MTF owns the State Theater upstairs, so Russ has particular insight. He can’t be talking about me, of course — nothing about this site should be construed as journalism — but I stand by the historical portions of my post. Please continue to treat the world-burrito-shops part as speculation. Thank you for reading, A2R.S

Wednesday night, news that Urban Outfitters is leaving State Street after about a zillion years hit the streets, from, of all places, Ypresario Mark Maynard.

I consider this a seismic shift for State Street retail. UO’s space was originally the main floor of the State Theater, a single-giant-screen movie palace built in the early forties, then converted to four screens in the late seventies. (If inside the store, I believe, the giant “URBAN” logo on the back wall is where the big screen used to be.)

Although the ground floor was completely renovated for Urban Outfitters’ opening in the early 90s, the two upstairs theaters were left as-was, and were reopened by Aloha Entertainment as a second-run bargain theater in the 90s.

“Billie Spurlin, renovating the State Theater, September 1992.” (C) The Ann Arbor News.

A few years later they pivoted to more Michigan-Theateresque indie and arthouse fare. I caught “Clerks,” “Kids,” and “The Blair Witch Project” here during their original releases. Those are the first three that come to mind. Finally, they joined the Michigan Theater Foundation and became part of their programming schedule, with additional classic midnight-movie selections.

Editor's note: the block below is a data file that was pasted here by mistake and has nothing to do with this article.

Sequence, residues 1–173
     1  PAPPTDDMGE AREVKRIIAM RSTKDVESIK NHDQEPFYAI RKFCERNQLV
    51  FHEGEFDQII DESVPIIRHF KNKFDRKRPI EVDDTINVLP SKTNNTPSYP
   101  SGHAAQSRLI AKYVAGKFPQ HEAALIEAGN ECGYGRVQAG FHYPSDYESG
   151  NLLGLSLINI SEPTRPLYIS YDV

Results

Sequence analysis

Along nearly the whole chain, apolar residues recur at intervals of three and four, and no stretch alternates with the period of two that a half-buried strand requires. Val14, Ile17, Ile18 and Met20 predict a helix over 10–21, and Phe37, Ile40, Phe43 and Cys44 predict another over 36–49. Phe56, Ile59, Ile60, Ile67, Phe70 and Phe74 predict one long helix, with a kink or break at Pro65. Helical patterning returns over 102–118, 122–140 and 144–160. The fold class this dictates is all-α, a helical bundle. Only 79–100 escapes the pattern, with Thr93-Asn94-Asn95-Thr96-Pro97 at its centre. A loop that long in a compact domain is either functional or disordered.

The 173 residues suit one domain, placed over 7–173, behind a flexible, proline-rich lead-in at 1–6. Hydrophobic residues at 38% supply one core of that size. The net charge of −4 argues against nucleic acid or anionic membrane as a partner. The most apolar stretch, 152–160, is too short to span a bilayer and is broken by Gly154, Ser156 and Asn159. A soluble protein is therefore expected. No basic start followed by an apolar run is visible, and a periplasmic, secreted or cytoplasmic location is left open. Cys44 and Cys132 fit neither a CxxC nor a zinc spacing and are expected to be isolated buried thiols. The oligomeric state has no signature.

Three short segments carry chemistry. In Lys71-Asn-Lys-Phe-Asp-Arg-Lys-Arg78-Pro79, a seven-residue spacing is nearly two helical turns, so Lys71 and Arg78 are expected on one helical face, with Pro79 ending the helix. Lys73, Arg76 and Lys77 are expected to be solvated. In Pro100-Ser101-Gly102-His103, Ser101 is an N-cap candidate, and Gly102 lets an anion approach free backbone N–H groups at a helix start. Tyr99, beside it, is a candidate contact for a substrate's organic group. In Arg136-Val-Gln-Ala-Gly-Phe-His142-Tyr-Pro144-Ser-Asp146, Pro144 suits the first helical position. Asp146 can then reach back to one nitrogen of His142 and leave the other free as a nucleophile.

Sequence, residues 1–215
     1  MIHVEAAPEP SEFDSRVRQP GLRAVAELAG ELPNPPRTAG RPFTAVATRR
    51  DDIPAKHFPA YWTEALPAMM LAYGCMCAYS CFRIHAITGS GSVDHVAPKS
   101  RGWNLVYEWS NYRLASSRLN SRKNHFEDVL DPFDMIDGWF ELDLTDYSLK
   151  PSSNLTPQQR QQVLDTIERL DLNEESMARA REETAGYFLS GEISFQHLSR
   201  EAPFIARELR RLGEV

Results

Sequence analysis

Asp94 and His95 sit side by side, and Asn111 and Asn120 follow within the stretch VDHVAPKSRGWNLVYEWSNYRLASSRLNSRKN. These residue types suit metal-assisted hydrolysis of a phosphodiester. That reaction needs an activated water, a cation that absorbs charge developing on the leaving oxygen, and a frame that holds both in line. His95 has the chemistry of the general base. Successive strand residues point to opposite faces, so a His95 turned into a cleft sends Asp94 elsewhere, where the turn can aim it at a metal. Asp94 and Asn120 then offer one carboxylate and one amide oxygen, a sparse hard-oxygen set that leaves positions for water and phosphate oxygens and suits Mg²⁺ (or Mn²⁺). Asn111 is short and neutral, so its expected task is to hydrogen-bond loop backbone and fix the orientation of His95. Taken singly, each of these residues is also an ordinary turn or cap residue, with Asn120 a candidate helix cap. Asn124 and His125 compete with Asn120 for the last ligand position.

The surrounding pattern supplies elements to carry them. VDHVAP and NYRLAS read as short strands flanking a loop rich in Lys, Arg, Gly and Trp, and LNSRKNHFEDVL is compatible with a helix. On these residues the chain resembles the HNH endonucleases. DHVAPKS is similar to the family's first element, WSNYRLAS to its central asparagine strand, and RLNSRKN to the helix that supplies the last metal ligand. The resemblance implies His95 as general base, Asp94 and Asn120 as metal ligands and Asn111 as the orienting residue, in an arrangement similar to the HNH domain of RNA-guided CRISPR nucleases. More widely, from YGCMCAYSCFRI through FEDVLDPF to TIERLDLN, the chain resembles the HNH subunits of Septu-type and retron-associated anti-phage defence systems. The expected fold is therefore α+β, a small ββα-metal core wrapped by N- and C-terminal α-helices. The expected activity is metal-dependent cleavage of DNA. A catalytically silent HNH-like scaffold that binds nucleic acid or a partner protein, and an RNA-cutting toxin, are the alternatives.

The State is presently closed for renovation to make it ability-friendly and to restore its original 40s look. I kind of hope they fix it so you don’t have to look slightly to the left at the screen all the time.

Urban Outfitters’ space might be the first in a while big enough to open one of those too-small mini Target stores with no selection, but I can’t imagine how they will manage the deliveries. Apple could make it work, but Briarwood will never let them leave. I predict that it will be divided into at least two storefronts, and each space will be a different regional-cuisine take on the burrito or wrap sandwich. State Street doesn’t have enough sandwich places.

There’s always the possibility these days that U-M or a dot-com will take it for office space too. But I’m still betting on the sandwich places.

It is well worth your time to click through to Mark Maynard’s post, he and his commenters ask some great questions about what’s going to happen to local retail. In general, I predict a continuing shift to services and experiences, the kind of things you can’t get in a box that comes tomorrow from Amazon — though I still think a little Target store will come here eventually, for students who enjoy the shopping experience as well as the unprepared who can’t wait for Prime.

Pizza changes on Liberty

Big changes in a small world, Liberty between downtown and Scio Township: a sudden closing and an omen of things to come.

A reader reports that Pizza Pino is now closed on Liberty at First Street. Despite the name, Pizza Pino was one of those shops that had pretty much everything on the menu, including sandwiches and seafood. They were open until ridiculously late, which made them an ideal after-party destination for nearby bars and clubs.

Their single-slice sales were usually cold pizza under glass, which they would put back in the oven and warm up — not my favorite way to eat pizza, though for some reason I’m usually okay with it when NYPD does it. Still, I will miss this place’s garlic knots at 2am after a good show at the Blind Pig (just like, someday soon, I’m sure I will miss the Blind Pig).